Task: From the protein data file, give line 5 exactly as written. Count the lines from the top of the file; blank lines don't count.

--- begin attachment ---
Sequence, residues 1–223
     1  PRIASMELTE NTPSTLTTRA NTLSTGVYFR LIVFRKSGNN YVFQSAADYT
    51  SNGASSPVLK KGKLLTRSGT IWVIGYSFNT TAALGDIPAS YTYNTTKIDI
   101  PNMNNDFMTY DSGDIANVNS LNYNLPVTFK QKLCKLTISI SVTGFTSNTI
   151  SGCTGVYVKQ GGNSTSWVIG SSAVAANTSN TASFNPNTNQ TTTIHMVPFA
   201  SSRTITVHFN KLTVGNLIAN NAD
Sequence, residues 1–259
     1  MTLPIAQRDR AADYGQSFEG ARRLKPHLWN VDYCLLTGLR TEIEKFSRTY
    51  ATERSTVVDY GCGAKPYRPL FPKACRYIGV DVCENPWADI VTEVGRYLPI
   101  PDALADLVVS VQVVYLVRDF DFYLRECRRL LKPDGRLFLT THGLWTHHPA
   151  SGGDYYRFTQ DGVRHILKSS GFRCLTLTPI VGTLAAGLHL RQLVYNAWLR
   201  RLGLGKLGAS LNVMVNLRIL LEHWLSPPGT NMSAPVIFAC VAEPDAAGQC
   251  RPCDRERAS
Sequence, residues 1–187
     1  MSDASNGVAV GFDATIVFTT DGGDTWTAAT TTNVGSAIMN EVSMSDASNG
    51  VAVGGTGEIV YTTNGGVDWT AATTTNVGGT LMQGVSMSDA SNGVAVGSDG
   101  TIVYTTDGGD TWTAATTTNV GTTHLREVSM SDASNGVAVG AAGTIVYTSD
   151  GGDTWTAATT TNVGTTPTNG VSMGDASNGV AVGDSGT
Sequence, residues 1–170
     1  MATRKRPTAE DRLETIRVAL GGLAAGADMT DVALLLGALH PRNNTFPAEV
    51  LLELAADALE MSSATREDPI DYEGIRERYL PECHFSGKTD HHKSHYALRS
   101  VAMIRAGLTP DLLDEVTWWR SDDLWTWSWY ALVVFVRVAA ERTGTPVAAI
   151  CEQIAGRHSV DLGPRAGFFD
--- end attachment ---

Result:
   151  SGCTGVYVKQ GGNSTSWVIG SSAVAANTSN TASFNPNTNQ TTTIHMVPFA